Those of you in the market for small but powerful gaming PC will be interested in Shuttle’s Gaming Nano X1 line of mini PCs.
Although these fanless mini PCs measure just 3.4 x 5.6 x 5.6 inches (HxWxL), they're packed with some pretty impressive hardware. The Shuttle X1 i5 and X1 i5 Pro are equipped with Intel’s four-core/thread i5-7300HQ mobile processor clocked at 2.5GHz (3.5GHz turbo). The high-end X1 i7 system sports an Intel i7-7700HQ quad-core, eight-thread CPU with a 2.8GHz base clock and up to 3.8GHz max turbo frequency. Graphics are handled by Nvidia’s GeForce GTX 1060 3GB.
Shuttle’s Gaming Nano X1 series PCs feature DDR4-2400 dual channel memory and can be expanded to 32GB (16GB x 2). Storage options include M.2 solid state drive in 128-256GB capacities and 2.5” 1TB HDDs. All three models are Intel Optane-ready.
The tiny black and red chassis features steel and plastic construction. There are two USB 3.0 ports on the front as well as an SD card reader slot. Around back, you'll find a single USB 3.1 Gen1 Type-C port, two more two USB 3.0 ports, one RJ45 connector, and a headphone jack. Display connectivity consists of one DisplayPort and three HDMI ports. According to the company, the Gaming Nano X1 series mini PCs feature a passive cooling system capable of keeping temperatures in check during extended gaming sessions.
All this power in the palm of your hand doesn’t come cheap. The Shuttle X1 i5 and X1 i5 Pro are priced at $1,465 and $1,500, respectively. Those of you whoopt for the Shuttle X1 i7 will need to shell out $1,710. These mini PCs are available now on the company website.
|Header Cell - Column 0||Shuttle X1 i5||Shuttle X1 i5 Pro||Shuttle X1 i7|
|CPU||Intel i5-7300HQ||Intel i7-7700HQ|
|Memory||8GB DDR4 (4GB x 2)||16GB DDR4 (8GB x 2)|
|Graphics Card||Nvidia GeForce GTX 1060 3GB|
|Storage||128GB M.2 SSD1TB 2.5” Hard Drive||256GB M.2 SSD||256GB M.2 SSD|
|I/O||Front: 2x USB 3.1 Gen1 SD Card SlotRear: 1 x DisplayPort3 x HDMI2 x USB3.1 Gen1 1x USB 3.1 Gen1 Type-C 4x USB 2.0 1 x RJ45 1x Headphone Jack|
|Connectivity||Intel WiFi B/G/N/AC + Bluetooth|
|OS||Windows 10 Home|
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Aside from the out of the box connectivity, I don't see the point in this over a comparably equipped gaming laptop. Then you can take it with you and it has a screen, and they seem to be much cheaper.Reply
Overpriced junk. You can build a more powerful system for less if you dont need it to be fanless. I cringe when I see a "gaming" PC with anything less than a GTX1080, too. A 1060 is downright laughable!Reply
I cringed when I saw your comment saying you needed a 1080 in your PC to be considered a gaming PC. A 1060 level card is enough for many people who are fine with 1080p gaming, which is probably the majority of PC gamers out there. Though I do agree with you with this being overpriced.20118082 said:Overpriced junk. You can build a more powerful system for less if you dont need it to be fanless. I cringe when I see a "gaming" PC with anything less than a GTX1080, too. A 1060 is downright laughable!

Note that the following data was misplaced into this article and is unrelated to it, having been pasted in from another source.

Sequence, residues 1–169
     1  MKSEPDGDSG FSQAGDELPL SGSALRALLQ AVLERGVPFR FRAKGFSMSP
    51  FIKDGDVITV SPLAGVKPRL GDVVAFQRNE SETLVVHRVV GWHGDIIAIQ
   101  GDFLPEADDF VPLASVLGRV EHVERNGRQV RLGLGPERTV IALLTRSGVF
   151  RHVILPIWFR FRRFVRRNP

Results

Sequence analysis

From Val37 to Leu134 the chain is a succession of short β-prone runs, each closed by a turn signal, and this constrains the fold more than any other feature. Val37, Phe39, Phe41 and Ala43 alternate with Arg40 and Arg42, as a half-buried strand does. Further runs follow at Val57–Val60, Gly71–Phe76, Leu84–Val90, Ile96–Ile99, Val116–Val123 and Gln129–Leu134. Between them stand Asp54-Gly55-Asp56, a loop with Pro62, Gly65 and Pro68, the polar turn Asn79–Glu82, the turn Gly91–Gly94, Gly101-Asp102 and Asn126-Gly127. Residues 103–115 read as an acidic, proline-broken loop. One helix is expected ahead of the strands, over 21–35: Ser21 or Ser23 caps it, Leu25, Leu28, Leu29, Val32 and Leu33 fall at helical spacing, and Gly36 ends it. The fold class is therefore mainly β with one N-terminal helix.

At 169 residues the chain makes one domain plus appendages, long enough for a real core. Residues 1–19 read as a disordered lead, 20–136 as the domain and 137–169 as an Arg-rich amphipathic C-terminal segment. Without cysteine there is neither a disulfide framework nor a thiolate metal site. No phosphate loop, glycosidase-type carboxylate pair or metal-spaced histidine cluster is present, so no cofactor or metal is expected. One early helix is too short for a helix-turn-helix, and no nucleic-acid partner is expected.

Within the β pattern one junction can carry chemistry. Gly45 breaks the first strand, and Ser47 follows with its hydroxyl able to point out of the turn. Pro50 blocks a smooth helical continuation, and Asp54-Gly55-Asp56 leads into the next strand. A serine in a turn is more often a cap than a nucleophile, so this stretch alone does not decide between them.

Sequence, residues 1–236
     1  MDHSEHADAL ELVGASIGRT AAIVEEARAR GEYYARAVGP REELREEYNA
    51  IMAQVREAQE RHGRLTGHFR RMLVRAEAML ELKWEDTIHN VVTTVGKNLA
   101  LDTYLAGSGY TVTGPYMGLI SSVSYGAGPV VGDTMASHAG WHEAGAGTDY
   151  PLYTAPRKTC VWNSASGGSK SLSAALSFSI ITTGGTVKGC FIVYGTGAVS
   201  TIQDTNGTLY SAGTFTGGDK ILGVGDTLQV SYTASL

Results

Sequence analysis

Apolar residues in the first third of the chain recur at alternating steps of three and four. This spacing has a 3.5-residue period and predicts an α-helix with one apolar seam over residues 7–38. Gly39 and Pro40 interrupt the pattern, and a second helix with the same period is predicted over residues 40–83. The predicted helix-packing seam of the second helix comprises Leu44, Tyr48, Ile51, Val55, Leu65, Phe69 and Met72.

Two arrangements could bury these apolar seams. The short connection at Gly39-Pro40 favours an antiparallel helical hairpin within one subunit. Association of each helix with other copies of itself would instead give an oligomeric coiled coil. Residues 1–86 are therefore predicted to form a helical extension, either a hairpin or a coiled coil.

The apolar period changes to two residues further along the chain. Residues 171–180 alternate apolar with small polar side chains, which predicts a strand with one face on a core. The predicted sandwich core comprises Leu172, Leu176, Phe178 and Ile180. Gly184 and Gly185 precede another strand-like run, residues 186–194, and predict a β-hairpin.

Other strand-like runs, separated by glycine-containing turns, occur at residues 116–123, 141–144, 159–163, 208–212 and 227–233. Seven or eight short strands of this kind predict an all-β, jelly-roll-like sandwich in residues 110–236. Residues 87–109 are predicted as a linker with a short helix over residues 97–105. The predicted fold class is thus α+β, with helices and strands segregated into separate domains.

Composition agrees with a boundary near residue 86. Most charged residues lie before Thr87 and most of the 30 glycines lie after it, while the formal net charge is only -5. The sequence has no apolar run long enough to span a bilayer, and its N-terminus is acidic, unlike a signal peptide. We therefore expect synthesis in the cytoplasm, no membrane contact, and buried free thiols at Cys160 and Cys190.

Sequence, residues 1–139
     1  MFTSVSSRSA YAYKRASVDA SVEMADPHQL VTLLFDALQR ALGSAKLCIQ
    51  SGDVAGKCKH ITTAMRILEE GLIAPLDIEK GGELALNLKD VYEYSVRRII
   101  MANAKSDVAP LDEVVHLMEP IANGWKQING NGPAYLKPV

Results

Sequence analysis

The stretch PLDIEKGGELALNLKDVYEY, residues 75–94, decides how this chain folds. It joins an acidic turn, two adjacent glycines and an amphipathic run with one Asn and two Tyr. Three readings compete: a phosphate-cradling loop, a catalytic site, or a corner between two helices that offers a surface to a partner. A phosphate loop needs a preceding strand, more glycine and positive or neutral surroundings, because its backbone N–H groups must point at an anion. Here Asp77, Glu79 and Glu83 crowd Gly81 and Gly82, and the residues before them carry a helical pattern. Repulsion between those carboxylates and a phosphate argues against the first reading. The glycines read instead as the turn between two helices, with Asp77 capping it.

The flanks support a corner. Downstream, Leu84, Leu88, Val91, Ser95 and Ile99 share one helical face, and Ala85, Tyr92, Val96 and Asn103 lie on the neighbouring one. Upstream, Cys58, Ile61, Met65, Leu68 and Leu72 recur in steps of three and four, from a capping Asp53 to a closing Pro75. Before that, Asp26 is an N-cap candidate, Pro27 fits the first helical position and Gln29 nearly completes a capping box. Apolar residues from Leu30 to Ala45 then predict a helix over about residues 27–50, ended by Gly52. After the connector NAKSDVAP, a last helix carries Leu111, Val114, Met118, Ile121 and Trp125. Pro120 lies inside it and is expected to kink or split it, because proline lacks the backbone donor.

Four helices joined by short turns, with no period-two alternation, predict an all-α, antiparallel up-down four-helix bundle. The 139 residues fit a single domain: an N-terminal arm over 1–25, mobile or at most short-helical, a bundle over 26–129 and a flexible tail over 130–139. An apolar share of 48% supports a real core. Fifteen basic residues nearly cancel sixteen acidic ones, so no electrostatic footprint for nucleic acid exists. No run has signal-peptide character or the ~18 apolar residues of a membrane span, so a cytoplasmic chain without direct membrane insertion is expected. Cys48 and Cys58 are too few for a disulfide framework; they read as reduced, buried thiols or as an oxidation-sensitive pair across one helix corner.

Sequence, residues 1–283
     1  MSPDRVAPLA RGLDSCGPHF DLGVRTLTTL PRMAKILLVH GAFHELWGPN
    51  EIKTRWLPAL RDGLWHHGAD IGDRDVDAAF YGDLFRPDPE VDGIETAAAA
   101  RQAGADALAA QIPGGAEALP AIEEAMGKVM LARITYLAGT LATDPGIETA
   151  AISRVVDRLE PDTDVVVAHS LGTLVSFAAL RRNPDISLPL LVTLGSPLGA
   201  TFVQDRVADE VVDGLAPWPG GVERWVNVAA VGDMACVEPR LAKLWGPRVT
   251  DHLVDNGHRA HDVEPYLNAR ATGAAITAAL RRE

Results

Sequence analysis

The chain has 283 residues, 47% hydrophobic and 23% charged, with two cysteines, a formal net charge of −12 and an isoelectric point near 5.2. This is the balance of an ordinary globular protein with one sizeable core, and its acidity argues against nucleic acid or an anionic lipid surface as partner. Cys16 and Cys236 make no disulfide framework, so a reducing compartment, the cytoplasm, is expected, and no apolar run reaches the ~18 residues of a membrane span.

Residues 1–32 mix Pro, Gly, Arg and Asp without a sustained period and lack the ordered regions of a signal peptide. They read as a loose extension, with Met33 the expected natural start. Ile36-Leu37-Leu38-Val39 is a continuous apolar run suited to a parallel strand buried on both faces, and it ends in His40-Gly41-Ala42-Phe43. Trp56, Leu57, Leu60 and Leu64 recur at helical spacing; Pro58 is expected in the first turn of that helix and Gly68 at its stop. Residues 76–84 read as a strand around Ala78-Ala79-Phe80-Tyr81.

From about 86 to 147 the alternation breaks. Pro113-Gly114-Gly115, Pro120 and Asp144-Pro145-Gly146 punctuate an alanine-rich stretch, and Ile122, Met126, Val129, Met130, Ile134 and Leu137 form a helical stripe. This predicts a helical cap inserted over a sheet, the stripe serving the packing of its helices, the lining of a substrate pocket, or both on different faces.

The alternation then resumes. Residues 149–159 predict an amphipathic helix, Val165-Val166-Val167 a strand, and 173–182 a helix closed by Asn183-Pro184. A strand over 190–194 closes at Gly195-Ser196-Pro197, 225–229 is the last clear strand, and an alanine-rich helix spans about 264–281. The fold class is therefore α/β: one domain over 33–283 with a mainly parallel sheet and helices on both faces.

It's cool and has a market I'm sure but I posted an ITX build very similar to the $1500 Shuttle X1 i5 Pro in the Toms $750 build contest category.Reply
Even a 1050 can go a long way for gaming when you don't care about setting everything to Ultra 4k. In most games, the last one or two stops in graphics details cost a heck of a lot of GPU power for relatively small visual quality gains.20118082 said:I cringe when I see a "gaming" PC with anything less than a GTX1080, too. A 1060 is downright laughable!
When I'm actually playing a game instead of standing still to examine pixels with a magnifying glass, I can't be bothered with the difference between medium and high/ultra in most cases, can't really notice it while moving.
FWIW, the GTX 1060 in this is going to perform like a 1060-equipped laptop - not a desktop 1060 card. In other words, the clocks will be a fair bit lower.Reply
This is a lot to pay/sacrifice for being fanless. But, if somebody really needs/wants fanless, then I think it compares pretty well with other fanless PCs we've seen.
This may just be me, but did anyone notice in the 4th picture, the one of the back of the unit, that the USB C connector is off center and that the HDMI port next to it has the internal part at a weird angle? That is just enough for me to start questioning build quality.Reply
Otherwise it seems like a solid system, if a little pricey. Then again, they probably have to make up engineering costs for that passive cooling system.
Interesting observation, it actually looks broken since the metal seems to be lined up properly. I imagine the singular HDMI port is coming from the CPU, the rest from the GPU.Reply
These are marketing photos, so that might be a prototype or a unit that has just made the rounds and was damaged by a reviewer.